Two days before Christ’s crucifixion, all the wisdom and power of Almighty God was on show in Jerusalem. On that day, Jesus magnified his Father as he overthrew the wicked plans of the nation’s leaders who came to destroy him. We read of this in Matthew 22.

First, the Pharisees questioned him about paying taxes to the Romans, then the Sadducees asked their hypothetical question about the woman with seven husbands and finally, the lawyers and scribes wanted to know which was “the great commandment in the law?” All of these wanted to trap him in his speech and have him condemned by the priests, people or the Romans.

The first conspiracy was an unholy alliance of Pharisees and Herodians. They came to him in the Temple pretending that they wanted an answer to a genuine dilemma. But each synoptic gospel record shows that their motives were far from pure. Luke 20:20 captures their malice: “And they watched him, and sent forth spies, which should feign themselves just men, that they might take hold of his words, that so they might deliver him unto the power and authority of the governor.” They wanted to accuse him before the Romans just as they later did when they lied to Pilate saying, “We found this fellow perverting the nation, and forbidding to give tribute to Caesar” (Luke 23:2).

Is it Lawful to Give Tribute unto Caesar, or Not?

They tempted him with the famous question: “Is it lawful to give tribute unto Caesar or not?” Matthew 22 captures the tension and wonder of the moment as Jesus faced his adversaries and, by his perceptive genius, quenched the fiery darts of the wicked. With false humility and deceptive charm, they played to the crowd as they spoke “the words of the wicked [that] lie in wait for blood”: “Master, we know that thou art true, and teachest the way of God in truth, neither carest thou for any man: for thou regardest not the person of men. Tell us therefore, What thinkest thou? Is it lawful to give tribute to Caesar, or not?” (Matt 22:16–17).

Their scheme was doomed from the very start because “Jesus did not commit himself [to the people] because he knew all men” (John 2:24). They wanted to know what he thought; but little did they know that he had already seen through their malicious scheme. Once before, the Pharisees and Herodians had joined forces against him. In Mark 3 they had challenged him in the synagogue, over the healing of the man with the withered hand on the Sabbath. Back then, in verse 5, he looked “on them with anger, being grieved for the hardness of their hearts”.

He knew these men. But Jesus did not come into the world to condemn them; instead, his loving intention was to save them from themselves. Luke 5:17 tells us that “the power of the Lord was present to heal them”. They were not healed because they chose to not change their ways. Luke adds (7:30), that “the Pharisees and lawyers rejected the counsel of God against themselves, being not baptised of him.”

Even here, as they tempted him two days before they would demand his blood, Jesus’ response contained a rebuke and an invitation to change. They wanted to know what he thought… so he showed them that he thought exactly like his Father. He had no schemes in mind but he did not hide his assessment of their attitude: “Jesus perceived their wickedness, and said, Why tempt ye me, ye hypocrites?” (Matt 22:18).

Picture the scene. The Pharisees and Herodians eagerly pressed in towards the Lord like wolves that could smell blood, while Christ’s disciples and the people stood wondering how he could possibly answer this question without offending someone. Surely he must offend the people or the Romans! Either Rome or the people would charge him as a traitor (Luke 20:20).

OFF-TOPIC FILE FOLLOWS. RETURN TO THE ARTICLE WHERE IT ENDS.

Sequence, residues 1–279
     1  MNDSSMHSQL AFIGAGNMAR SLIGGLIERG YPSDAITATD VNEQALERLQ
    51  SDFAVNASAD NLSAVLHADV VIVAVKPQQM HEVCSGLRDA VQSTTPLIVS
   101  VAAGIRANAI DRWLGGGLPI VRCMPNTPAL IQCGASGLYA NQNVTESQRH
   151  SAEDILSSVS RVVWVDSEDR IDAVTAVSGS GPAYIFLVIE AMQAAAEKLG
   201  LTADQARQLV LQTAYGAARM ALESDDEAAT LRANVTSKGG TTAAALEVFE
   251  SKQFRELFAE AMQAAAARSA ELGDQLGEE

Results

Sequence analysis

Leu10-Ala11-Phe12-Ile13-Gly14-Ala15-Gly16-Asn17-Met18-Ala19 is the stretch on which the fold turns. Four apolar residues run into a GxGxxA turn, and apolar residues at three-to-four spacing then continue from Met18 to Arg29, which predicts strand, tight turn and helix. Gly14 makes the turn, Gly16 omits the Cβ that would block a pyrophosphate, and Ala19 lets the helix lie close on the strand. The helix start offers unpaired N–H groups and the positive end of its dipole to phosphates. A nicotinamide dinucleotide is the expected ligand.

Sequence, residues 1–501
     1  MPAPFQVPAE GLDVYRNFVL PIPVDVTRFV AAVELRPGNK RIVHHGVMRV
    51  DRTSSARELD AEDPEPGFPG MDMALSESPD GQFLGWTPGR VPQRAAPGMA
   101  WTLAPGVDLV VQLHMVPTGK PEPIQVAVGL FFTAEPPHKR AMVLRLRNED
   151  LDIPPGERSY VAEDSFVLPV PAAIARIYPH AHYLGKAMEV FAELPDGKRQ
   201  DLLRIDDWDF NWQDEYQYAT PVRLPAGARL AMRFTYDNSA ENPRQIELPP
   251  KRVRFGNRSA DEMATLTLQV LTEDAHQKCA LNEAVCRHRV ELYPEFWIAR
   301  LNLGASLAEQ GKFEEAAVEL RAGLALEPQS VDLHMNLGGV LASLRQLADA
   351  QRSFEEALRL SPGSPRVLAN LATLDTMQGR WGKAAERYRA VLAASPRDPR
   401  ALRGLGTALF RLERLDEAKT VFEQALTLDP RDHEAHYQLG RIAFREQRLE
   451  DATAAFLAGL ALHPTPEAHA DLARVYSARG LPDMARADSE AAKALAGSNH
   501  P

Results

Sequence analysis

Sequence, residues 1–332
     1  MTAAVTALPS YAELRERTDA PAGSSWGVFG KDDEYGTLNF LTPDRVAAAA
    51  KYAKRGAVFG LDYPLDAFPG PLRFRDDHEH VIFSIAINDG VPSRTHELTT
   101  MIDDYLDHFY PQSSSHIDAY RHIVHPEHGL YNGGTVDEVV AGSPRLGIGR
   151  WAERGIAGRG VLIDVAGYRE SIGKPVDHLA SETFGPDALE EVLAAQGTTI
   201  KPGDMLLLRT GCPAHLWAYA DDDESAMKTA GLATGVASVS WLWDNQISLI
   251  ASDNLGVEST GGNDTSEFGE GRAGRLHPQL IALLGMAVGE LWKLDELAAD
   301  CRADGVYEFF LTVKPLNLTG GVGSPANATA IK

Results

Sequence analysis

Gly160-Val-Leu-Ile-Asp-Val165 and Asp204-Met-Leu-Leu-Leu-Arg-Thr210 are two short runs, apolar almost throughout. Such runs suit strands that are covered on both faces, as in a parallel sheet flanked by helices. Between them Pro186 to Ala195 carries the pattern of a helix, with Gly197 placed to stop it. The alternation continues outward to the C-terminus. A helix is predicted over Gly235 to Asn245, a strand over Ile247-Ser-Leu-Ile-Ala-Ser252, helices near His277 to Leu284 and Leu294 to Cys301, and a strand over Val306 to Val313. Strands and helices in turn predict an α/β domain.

But let’s not forget who was at the centre of this question. This was Jesus Christ, the Son of God. We do not know how long the Lord waited before replying, but it’s unlikely that he replied immediately. He probably allowed each onlooker time to form his or her opinion on the question before he answered. We can be sure that he was not worried by the question or the mounting tension as everyone anxiously waited for his reply. Surely, only a Solomon-like answer could save him: but no fear, a greater than Solomon was there that day.

What could he say? But really, it was so easy for one so “full of grace and truth”. So he asked, “Shew me the tribute money. And they brought unto him a penny” (v19). Nationalists like the Herodians did not like using the Roman coin that he asked for. After a brief search, however, someone found a denarius and handed him the ‘penny’. A few moments passed as he checked the coin and yes, it was just as he expected.

Whose is This Image and Superscription?

His next statement was almost indeterminate, as if he was playing for time. He held the coin in his hand and may even have turned its face towards his accusers to reinforce his next point. If they could not see the coin, they knew what it looked like; so he asked, “Whose is this image and superscription [or inscription]?” (v20). Everyone knew whose face and name was on the coin. They may even have thought this a silly question… and answered, “Caesar’s” (v21).

His next comment hit the very heart of the matter: “Render therefore unto Caesar the things which are Caesar’s; and unto God the things that are God’s” (v21). His command to “render… unto Caesar the things which are Caesar’s” was the best deductive logic. If the coin depicted Caesar, and if the coin bore Caesar’s name, and the Roman government had made and issued the coin, who could deny Caesar’s ultimate right to it as tribute? His answer was simple and true: pay your legal taxes. But where was the logic for his statement, “and [render] unto God, the things that are God’s”? You could say that the first half of Jesus’ assertion infers the second, but the second half of his statement is also based on deductive logic.